The Dread Of Going Shopping

On Saturday I visited a major outdoor clothing retailer. The experience confirmed why I dread shopping and got me wondering about the management thinking that underpins and drives the activities of sales assistants.

Much has been written about the changing role of the retail outlet in the context of increased online shopping. It seems apparent to me that there is a disconnect between the rhetoric of retail changing to suit changing shopping behaviours and the death grip of a pushy sales mentality.

Retail psychologists will recognise some of the irks I have. Firstly the experience of being mugged the moment you step across the threshold with the notionally friendly greeting of ‘are you alright there?’ . Whilst the content of the communication is friendly, it is socially inappropriate and is not an expression of interest in my welfare. It is a vacuous utterance from a shop employee who really wants to ask me if I’m going to buy anything from them. In that sense it is deceptive.

Talk about ‘processing’ customers as resources to extract their value. Step one open the ‘process’ with a technique that obliges people to say ‘yes’ because pop psychology tells us this is a good thing. Good for who? The customer?

Having resisted the urge to run out the store because my need to privately explore the product range I have been browsing on the Internet is stronger, I am then confronted with my ‘new best friend’. My new friend wants to follow me around the store to notionally help me but the ‘spider like’ attempt at constraining me in a silken cocoon of product feature verbiage is suffocating.

I just want to escape. I don’t want to be in the place. I don’t want to ‘helped’ to make a buying decision as if I’m suffering from a knowledge and capability disability.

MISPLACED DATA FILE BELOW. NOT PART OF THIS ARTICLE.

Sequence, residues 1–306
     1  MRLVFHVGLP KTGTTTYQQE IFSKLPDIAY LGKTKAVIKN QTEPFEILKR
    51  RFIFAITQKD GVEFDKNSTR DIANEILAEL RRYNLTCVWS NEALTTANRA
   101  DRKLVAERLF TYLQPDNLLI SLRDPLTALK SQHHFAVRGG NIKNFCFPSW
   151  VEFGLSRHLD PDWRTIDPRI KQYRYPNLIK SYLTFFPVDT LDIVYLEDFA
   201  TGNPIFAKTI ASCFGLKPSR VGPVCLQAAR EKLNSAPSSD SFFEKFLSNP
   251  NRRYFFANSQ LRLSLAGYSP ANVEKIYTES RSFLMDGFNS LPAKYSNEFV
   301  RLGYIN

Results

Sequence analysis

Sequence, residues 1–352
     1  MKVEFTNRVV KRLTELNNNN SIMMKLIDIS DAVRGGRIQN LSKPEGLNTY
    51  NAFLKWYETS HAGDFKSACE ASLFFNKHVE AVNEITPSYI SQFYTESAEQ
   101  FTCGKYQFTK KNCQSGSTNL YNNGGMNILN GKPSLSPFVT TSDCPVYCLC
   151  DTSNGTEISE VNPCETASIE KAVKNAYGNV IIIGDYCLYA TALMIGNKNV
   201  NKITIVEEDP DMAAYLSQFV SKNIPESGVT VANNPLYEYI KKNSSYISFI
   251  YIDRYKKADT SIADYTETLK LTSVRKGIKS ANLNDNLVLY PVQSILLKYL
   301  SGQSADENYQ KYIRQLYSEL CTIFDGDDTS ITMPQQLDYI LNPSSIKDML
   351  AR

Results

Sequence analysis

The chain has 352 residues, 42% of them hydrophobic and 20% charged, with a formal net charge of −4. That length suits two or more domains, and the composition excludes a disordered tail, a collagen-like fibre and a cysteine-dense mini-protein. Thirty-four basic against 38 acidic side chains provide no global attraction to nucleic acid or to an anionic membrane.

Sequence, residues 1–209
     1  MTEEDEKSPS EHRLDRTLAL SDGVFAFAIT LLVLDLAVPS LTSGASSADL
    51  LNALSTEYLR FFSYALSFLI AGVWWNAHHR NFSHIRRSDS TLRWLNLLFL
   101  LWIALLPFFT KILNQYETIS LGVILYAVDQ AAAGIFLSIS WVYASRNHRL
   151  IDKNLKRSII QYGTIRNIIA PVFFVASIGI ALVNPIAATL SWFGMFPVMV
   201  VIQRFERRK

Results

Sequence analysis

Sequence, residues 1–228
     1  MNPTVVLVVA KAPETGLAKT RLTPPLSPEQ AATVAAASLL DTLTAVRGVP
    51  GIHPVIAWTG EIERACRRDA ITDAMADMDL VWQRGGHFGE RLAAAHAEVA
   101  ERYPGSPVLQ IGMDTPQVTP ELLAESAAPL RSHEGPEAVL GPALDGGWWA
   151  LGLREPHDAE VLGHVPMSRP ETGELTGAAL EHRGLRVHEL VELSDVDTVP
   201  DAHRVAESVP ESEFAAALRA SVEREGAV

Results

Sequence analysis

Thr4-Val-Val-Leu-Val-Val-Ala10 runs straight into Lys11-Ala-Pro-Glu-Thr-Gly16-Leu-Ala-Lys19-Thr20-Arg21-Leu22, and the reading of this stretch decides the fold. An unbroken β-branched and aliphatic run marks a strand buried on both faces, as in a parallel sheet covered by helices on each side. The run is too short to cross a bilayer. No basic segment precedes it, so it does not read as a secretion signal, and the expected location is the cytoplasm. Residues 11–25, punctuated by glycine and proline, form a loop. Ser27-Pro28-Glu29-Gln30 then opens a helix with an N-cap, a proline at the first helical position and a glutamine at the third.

When will retailers learn that sales assistants (sic) driven by an aggressive sales philosophy sugar coated with facile friendliness is bad for business?

People are going shopping for different reasons now. They are going informed and they are going to explore. In that exploring they will use their own capability as thinking adults to buy the product they want.

This was a black experience for me and one that might just stop me exploring the outdoor brand I like in that retail outlet even though the T shirts tell me I shouldn’t.

Goose Fair 2012 Customer Experience Without The Relationship?

The first week of October sees the arrival of the oldest traveling fair in the world to Nottingham. The Goose Fair is probably one of the amusement and entertainment industry’s biggest brands and yet it has formed over the years without the need for centralised brand management and the policing of style guides.

It is a confederacy of family sub-brands that coalesce at a particular time and a particular place to become a brand experience that thousands of people look forward to every year. Come Sunday the tangible evidence of the brand will dissolve as the showmen’s families and their rides go to the next place.

The relationship the visitors have with Goose Fair is interesting. The brand of Goose Fair lives on in the memories and imagination long after the fair has gone and long before is arrives again the following year.

No loyalty cards, no discounts no gimmicks, no effort devoted to forming lasting personal relationships between customer and ride owner. The only relationship that is formed is with the brand experience. A full sensory experience of sights sounds, smells and excitement that the showmen know works time and time again.

So does Goose Fair invite us to think differently about the way brands are portrayed in management text books? Would a style obsessed creative director enforce changes to the ‘look’ of the ride and kiosk artwork, would a zealous brand manager seek to homogenise the offer so that it fits with an over arching corporate ideal? And if they did then what?

The brand of Goose Fair has survived because of its loose configuration and a the delivery of very clear idea. Excitement and Fun. That if you like is the mission and the individual show people choose how to address that mission the way they feel is best. Maybe corporate entities could learn something from a brand that has survived for hundreds of years?

In the final analysis Goose Fair delivers. It doesn’t make vacuous promises about making you happy, fulfilling your dreams, promising you magic. Every year simply turns up and does it. People remember it and that’s why they keep coming back, and telling their friends and family.

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